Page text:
The Strad's experts evaluate the latest string recordings
Shostakovich: Violin Concertos nos.1 & 2
Friday, 01 December 2006
Sergei Khachatryan (violin) French National Orchestra, Kurt Masur (conductor)
Naïve V 5025
And still they come. Recordings of Shostakovich’s claustrophobically forbidding First Concerto continue to emerge at a dizzying pace that currently shows no sign of abating. Although collectors should on no account miss hearing Baiba Skride’s mesmerising account of the First Concerto for Sony, for a coupling of both concertos Daniel Hope (Warner) also mines the expressive core of Shostakovich’s sound worlds to devastating effect. As I said in my original review, ‘his cantilena whimpers mournfully, his pianissimos insidiously gnaw away at the music surface, his fortissimos hack through the textures like a rusty blade’.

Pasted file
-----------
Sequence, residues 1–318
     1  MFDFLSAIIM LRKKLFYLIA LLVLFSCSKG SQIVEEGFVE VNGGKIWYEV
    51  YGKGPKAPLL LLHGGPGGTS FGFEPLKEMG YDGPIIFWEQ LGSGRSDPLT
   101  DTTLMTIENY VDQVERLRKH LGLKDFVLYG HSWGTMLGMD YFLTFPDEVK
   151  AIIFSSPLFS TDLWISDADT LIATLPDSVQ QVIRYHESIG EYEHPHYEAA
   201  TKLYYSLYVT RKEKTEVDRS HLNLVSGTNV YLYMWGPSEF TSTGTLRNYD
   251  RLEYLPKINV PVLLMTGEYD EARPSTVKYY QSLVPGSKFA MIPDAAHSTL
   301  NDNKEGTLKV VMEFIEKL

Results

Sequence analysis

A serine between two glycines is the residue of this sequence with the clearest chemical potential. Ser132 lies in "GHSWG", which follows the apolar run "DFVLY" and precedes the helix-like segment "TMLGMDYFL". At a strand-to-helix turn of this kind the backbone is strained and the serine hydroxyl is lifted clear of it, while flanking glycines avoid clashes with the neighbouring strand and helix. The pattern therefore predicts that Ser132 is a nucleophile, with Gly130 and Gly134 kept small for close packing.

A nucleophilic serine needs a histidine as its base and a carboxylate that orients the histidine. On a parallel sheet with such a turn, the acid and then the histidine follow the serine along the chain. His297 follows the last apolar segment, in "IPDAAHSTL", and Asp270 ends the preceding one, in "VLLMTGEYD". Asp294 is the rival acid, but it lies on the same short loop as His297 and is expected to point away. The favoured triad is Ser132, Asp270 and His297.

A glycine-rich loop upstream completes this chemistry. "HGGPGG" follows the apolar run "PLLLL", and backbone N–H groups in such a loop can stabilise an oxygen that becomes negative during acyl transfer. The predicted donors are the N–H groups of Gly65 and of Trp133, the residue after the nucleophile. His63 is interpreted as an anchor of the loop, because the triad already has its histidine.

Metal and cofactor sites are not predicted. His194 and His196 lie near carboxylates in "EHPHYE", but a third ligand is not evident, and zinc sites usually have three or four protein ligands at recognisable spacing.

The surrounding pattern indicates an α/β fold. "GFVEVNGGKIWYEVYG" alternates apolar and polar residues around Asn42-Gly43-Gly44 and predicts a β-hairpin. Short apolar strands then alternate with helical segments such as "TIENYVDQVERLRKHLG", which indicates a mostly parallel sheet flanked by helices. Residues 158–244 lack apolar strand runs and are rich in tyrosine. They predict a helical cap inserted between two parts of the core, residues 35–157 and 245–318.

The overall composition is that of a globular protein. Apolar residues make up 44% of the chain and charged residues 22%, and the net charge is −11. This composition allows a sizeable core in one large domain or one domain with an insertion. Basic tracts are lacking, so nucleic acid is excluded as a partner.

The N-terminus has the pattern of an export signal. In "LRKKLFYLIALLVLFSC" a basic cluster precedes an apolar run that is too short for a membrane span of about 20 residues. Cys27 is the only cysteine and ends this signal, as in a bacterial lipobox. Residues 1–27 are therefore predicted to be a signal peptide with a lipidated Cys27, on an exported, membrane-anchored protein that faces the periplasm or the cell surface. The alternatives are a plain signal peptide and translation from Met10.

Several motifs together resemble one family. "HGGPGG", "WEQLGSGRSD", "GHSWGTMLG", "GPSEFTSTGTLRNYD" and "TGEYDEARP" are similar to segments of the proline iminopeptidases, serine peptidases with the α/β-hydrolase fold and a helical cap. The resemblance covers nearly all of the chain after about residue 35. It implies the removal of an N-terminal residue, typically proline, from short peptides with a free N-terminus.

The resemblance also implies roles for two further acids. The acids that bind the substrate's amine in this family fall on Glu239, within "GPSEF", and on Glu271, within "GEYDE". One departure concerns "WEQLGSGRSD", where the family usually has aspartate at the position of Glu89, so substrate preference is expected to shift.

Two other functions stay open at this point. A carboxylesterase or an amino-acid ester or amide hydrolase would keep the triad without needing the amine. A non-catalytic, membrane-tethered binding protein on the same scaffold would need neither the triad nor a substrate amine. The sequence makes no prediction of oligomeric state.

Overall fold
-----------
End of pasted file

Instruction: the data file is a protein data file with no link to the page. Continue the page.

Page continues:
Whereas Hope adopts an essentially revisionist stance, Sergei Khachatryan, one of the most formidable players of the younger generation, takes the 19th-century Romantic rhetorical tradition as his interpretative starting point. His super-intense, narrow vibrato and cantabile lyricism is hauntingly reminiscent of Ruggiero Ricci’s high-octane 1950s take on the Khachaturian Concerto (Decca), although his well-upholstered tone and seductively cushioned attack kept taking me back to Cho-Liang Lin’s glorious account of the Nielsen (Sony).
At first I wondered whether the First Concerto’s lacerating musical gestures would possess enough sting, yet such is Khachatryan’s total command of every musical parameter that the Tchaikovskian exuberance of the finale, which generates the greatest excitement down the home strait, creates an overwhelming effect. If Hope concentrates the mind entirely on the music’s remorseless emotional journey, with Khachatryan it feels more like a virtuoso utterance in the grand tradition. Kurt Masur and his French players provide luxurious backing, and the recording is as physically imposing and involving as the playing itself.
From the December 2006 issue. Subscribe to The Strad or download our digital edition as part of a 30-day free trial.